|Newspaper Title||The Maitland Mercury and Hunter River General Advertiser (NSW : 1843 - 1893)|
|Trove Title||Wedded to Death|
WEDDED TO DEATH.
Mrs. Blattherwaite, who was always striving to restrain her husband's vulgar outbursts, mur- mured something about not being unkind to a poor young lady who had so recently hecome a
But he brought his fut down on the table, with the words :
" Nonsense ! If she can dine at a public table she can talk to me, if I choose to notice her, and I intend to make her acquaintance at once. Oh, you need not bo afraid ; I shall be most civil. Only before I have done with her she shall pay for snubbing our entertainment."
Without more ado he got up and walked across to the table where the two ladies were approach- ing the end of their dinner, Dorothy not having yet made up her mind what she should or should not say to Vera about keeping her identity a secret. She was startled from her consideration of the matter by hearing Mr. Blattherwaite's loud voice close to her.
" How are you, Vera, my girl, how are you ? Didn't expect to see you at Brighton. Mrs. Bel- lingham, too. I have not the honour of knowing you, madam, but I knew your late husband well."
The blood ebbed and flowed in Dorothy's face ; the coarseness; of the self-introduction jarred on her. \
From Mr. Blattherwaite it was especially re- pulsive. \
If she could nave annihilated him with a look she would have ¡lone so ; hut Bhe felt he was the sort of man who would be absolutely impervious to looks. So she said about the moBt stupid thing she could have said : " I think I have heard of you."
"Heardof mel" he thundered. "Why didn't you get an invitation to our party ? But you were much too fine a lady to come ! However, if Lewis
Bellingham had liVed you might have had to eat
a little humble pie : and even now, as his widow, you may not find it such plain sailing. Joe Blattherwaite isn't to be altogether despised as a ' backer,' and he don't as a rule, back them as despises him." \
Dorothy opened lier eyes very wide, and looked
Had he been drinking, she wondered ; and was he, therefore, not responsible for his words, or
what did he mean and know ?
They were very beautiful, large eyes, and tins even Mr. Blattherwaite could nofc help seeing ; but he was not going to be done out of his bit of ven- geance because she had lovely eyes ¡ rather he would use that coquetry those eyes told him sbe possessed as a means to punish her.
" Friends ?" he enquired, and he stretched his ungainly paw across the table. She laid her be- jewelled digits in it very daintily, and said, now looking down :
" Yo» were poor Lewis's friend. I au sorry if through thoughtlessness I have failed in social requirements."
It was very prettily and neatly put, but whether the amende honorable had with a man of Mr. Blattherwaite's stamp been made in time was the question. Vera Lawson hoped bo, while Dorothy, caring not whether this blustering vulgarian waa pleased or displeased, did not think about it.
She had done with the exigencies demanded of her as a gentlewoman, and that was enough.
The immediate outcome of her civility waa by no means pleasing to her, for bo readily-fora time, at all events - did Mr. Blattherwaite receive the
apology, that he invited her and Vera Lawson to j come and pass the rest of the evening in his private room, where he and Mrs. Blattherwaite expected a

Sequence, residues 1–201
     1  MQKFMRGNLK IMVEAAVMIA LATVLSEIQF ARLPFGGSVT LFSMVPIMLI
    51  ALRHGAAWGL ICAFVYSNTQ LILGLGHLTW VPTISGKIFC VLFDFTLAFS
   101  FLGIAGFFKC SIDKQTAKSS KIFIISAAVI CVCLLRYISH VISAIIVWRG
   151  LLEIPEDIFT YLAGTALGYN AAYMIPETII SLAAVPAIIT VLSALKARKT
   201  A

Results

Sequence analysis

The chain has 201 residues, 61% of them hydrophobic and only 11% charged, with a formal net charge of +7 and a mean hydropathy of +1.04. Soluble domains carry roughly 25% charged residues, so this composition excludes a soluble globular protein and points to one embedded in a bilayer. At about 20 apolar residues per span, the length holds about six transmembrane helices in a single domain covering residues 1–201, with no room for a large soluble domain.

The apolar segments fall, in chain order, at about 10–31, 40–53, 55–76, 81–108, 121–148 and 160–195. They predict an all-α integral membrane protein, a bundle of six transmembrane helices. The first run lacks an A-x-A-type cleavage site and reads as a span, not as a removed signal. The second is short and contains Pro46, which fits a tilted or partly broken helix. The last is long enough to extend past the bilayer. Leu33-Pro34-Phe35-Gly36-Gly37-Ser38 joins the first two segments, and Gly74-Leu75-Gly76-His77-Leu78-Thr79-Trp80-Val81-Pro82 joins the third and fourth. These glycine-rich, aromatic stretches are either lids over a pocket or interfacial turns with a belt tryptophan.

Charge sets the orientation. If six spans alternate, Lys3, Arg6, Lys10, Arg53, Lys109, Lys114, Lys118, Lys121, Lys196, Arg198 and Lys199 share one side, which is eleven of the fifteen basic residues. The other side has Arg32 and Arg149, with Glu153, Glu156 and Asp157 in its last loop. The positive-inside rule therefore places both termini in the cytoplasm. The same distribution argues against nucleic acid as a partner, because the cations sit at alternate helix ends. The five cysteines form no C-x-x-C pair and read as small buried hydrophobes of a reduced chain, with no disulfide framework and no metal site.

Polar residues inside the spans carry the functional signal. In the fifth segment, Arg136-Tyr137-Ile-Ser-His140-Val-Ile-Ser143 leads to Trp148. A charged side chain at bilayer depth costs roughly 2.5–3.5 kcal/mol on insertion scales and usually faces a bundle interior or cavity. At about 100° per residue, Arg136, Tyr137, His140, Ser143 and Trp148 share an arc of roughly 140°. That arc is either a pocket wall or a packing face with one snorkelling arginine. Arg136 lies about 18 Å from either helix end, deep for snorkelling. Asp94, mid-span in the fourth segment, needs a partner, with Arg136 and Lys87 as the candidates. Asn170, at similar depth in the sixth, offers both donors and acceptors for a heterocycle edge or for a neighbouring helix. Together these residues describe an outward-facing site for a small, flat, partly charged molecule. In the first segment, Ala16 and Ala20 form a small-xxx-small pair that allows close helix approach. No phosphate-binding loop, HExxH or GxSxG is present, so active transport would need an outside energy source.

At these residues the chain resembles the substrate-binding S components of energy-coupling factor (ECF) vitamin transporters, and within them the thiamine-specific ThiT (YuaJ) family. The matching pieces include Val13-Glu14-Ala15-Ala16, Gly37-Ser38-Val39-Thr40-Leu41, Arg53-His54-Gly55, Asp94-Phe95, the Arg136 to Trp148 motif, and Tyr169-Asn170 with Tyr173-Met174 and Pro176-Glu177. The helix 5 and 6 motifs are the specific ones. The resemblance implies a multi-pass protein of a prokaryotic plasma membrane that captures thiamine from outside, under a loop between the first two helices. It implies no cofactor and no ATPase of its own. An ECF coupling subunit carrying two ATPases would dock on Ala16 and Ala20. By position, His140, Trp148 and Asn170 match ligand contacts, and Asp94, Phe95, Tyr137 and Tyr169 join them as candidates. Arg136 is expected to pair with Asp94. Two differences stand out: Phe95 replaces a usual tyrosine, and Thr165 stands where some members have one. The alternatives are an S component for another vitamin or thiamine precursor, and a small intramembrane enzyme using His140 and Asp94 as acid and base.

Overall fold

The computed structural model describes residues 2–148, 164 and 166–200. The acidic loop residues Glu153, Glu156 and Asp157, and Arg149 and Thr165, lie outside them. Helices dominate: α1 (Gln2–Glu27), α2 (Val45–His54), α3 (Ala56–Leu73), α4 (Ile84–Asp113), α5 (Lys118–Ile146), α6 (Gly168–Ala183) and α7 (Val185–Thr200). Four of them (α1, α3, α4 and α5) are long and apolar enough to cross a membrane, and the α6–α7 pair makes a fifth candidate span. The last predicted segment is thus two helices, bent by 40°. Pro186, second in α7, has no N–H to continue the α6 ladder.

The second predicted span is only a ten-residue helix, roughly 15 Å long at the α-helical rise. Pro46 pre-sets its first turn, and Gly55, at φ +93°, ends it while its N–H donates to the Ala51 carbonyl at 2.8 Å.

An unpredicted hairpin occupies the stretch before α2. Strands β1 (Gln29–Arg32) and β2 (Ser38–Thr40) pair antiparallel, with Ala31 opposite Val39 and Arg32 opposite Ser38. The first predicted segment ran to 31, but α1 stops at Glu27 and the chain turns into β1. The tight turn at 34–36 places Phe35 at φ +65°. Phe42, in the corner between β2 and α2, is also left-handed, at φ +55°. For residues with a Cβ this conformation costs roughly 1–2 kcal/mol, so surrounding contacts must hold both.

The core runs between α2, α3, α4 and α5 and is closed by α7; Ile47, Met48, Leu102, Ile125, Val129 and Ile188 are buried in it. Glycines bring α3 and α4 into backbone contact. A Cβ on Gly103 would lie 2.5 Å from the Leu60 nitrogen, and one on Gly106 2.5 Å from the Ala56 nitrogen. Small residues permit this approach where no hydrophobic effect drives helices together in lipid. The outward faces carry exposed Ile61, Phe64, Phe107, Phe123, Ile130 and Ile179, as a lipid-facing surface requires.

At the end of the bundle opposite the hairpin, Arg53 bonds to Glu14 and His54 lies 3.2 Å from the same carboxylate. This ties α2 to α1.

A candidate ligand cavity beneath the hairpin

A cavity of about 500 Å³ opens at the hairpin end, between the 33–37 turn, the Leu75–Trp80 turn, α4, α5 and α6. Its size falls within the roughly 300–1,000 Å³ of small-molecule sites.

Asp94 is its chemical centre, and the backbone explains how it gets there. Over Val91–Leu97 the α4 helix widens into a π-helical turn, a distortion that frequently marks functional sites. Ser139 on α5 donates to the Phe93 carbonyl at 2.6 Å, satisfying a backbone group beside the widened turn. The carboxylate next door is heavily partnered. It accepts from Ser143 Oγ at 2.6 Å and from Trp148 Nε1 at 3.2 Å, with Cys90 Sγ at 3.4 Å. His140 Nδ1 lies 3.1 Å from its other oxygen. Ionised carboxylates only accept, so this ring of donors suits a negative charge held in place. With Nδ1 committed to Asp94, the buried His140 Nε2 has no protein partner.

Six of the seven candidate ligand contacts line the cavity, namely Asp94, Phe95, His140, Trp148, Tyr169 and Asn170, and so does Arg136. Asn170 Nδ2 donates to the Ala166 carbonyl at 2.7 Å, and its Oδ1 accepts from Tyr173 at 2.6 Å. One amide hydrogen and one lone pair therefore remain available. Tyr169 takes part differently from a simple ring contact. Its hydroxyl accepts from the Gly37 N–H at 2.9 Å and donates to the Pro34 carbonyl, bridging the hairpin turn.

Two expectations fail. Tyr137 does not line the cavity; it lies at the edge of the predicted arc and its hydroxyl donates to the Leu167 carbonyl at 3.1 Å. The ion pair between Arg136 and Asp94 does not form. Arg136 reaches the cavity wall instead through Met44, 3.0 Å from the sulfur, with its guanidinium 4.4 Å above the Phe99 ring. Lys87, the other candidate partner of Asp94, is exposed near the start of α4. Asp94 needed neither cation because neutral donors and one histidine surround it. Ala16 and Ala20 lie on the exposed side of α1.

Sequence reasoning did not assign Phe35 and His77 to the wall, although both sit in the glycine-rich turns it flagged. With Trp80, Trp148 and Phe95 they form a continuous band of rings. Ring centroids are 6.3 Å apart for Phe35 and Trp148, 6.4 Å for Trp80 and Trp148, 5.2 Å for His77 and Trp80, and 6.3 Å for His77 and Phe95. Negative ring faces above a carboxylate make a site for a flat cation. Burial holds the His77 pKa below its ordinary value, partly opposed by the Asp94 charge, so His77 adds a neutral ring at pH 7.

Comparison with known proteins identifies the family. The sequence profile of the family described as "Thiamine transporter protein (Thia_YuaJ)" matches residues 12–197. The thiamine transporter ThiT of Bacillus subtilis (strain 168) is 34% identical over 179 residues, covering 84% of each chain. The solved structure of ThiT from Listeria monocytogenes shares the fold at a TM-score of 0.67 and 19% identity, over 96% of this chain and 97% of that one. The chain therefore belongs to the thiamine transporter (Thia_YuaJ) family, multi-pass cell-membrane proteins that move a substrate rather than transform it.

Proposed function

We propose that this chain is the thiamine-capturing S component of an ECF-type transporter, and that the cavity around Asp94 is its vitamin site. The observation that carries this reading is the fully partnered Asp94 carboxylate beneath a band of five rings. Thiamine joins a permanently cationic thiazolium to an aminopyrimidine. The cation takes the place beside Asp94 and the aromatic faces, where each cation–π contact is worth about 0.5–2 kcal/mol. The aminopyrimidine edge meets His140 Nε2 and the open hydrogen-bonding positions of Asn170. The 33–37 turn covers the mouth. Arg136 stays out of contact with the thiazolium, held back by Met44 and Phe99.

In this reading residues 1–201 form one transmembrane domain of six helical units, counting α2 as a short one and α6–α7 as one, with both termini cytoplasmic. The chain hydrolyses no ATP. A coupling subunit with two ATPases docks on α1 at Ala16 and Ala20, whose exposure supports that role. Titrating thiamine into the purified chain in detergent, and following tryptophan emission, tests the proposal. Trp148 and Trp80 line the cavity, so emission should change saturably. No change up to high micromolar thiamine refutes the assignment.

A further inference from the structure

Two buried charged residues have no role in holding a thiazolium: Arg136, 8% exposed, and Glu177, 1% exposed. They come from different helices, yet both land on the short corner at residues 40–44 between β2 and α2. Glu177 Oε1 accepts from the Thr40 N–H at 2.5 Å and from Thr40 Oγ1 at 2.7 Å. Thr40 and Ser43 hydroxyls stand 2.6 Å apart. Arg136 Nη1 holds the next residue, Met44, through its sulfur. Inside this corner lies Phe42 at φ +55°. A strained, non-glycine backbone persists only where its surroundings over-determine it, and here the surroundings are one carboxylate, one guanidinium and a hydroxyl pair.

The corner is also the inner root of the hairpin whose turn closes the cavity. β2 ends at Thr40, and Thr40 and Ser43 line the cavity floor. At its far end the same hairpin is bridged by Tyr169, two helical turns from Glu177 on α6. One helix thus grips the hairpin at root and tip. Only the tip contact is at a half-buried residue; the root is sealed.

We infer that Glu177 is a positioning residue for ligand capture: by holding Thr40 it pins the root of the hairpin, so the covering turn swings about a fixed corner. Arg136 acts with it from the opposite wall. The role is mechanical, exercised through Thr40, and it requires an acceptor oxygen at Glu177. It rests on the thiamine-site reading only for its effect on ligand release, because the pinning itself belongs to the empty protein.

few London friends.
Mrs. Bellingham's whole nature rose in revolt against accepting this invitation, since the man, who in league with her husband had brought her beloved Derek into trouble, waB distinctly her enemy. Why should she be civil and accept hos- pitalities from him ?
She would not ; no, she would not. Then she Suddenly remembered her own position. What was she now, that she should cavil at others ? Besides his eye was on her, watching the rapid changes on her face. That he knew much about their affairs she feared-how much she did not know ; hut she was afraid of him, and being afraid, she dared not raise any objection to join the little party in the sitting room. But she would return to Lowndes street on the morrow, and bar her door against all intruders of the Blattherwaite calibre.
Vera Lawson would gladly have spared her friend the ordeal which she felt that an evening passed in Mr. Blattherwaite's society would entail on her. But though she could n»t exactly read between the lines, she was acute enough to see that there was a good deal she might read if she were clever enough, and so she elected to let matters drift, partly be- cause she thought it was most expedient to do so, and partly because she hoped for revelations that would enable her to fill up some of the gaps which at present amounted to incoherences, in what she as pleased to call the " mystery of Dorothy's life."
So they adjonrned to a large room on the first floor. Mr. Blattherwaite generally took the best that was to be had, and Dorothy put the brake on herself with such tremendous pressure that, if she endured two hours of Mr. Blatterwaito's bombastic conversation and florid compliments without going into violent hysterics, she had moro control over her nerves than those who had af late boen the witnesses of her doily life would have given her
Though not altogether a sham, yet Dorothy was scarcely as hysterical as she seemed ! at all events the great secret which she would fain have buried for ever-even from herself-was very much en evidence to-night, and fear has an uncanny power even over the moat sensitive nerves.
She bohaved with a composure that many wo- men would have envied, not breaking down till she was safely locked within the four walls of her own room. Then ahe threw herself on the floor as one who writhes in agony, and wept aorely j
" Oh, my sin, my sin ! Will it find me out, and by means of this dreadful Blattherwaite?"